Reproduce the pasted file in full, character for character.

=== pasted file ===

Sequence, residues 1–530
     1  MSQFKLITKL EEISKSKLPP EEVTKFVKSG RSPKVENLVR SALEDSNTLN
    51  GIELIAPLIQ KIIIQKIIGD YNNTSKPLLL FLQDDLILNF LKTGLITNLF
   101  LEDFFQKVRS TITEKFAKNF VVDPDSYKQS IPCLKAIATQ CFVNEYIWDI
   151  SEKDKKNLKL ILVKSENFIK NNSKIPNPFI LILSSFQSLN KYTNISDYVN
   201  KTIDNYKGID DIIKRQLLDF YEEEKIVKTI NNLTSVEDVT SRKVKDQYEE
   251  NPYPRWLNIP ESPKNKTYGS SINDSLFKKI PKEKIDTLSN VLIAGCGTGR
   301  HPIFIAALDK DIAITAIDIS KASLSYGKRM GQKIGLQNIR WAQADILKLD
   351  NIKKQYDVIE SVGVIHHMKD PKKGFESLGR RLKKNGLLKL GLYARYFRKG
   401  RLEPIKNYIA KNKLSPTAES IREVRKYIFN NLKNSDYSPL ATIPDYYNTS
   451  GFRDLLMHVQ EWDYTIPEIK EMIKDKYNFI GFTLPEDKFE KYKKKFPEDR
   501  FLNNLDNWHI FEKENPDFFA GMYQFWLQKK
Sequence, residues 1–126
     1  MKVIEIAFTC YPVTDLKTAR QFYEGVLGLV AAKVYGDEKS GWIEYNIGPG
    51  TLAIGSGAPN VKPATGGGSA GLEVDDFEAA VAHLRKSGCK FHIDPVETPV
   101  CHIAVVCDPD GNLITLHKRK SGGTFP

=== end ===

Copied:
Sequence, residues 1–530
     1  MSQFKLITKL EEISKSKLPP EEVTKFVKSG RSPKVENLVR SALEDSNTLN
    51  GIELIAPLIQ KIIIQKIIGD YNNTSKPLLL FLQDDLILNF LKTGLITNLF
   101  LEDFFQKVRS TITEKFAKNF VVDPDSYKQS IPCLKAIATQ CFVNEYIWDI
   151  SEKDKKNLKL ILVKSENFIK NNSKIPNPFI LILSSFQSLN KYTNISDYVN
   201  KTIDNYKGID DIIKRQLLDF YEEEKIVKTI NNLTSVEDVT SRKVKDQYEE
   251  NPYPRWLNIP ESPKNKTYGS SINDSLFKKI PKEKIDTLSN VLIAGCGTGR
   301  HPIFIAALDK DIAITAIDIS KASLSYGKRM GQKIGLQNIR WAQADILKLD
   351  NIKKQYDVIE SVGVIHHMKD PKKGFESLGR RLKKNGLLKL GLYARYFRKG
   401  RLEPIKNYIA KNKLSPTAES IREVRKYIFN NLKNSDYSPL ATIPDYYNTS
   451  GFRDLLMHVQ EWDYTIPEIK EMIKDKYNFI GFTLPEDKFE KYKKKFPEDR
   501  FLNNLDNWHI FEKENPDFFA GMYQFWLQKK
Sequence, residues 1–126
     1  MKVIEIAFTC YPVTDLKTAR QFYEGVLGLV AAKVYGDEKS GWIEYNIGPG
    51  TLAIGSGAPN VKPATGGGSA GLEVDDFEAA VAHLRKSGCK FHIDPVETPV
   101  CHIAVVCDPD GNLITLHKRK SGGTFP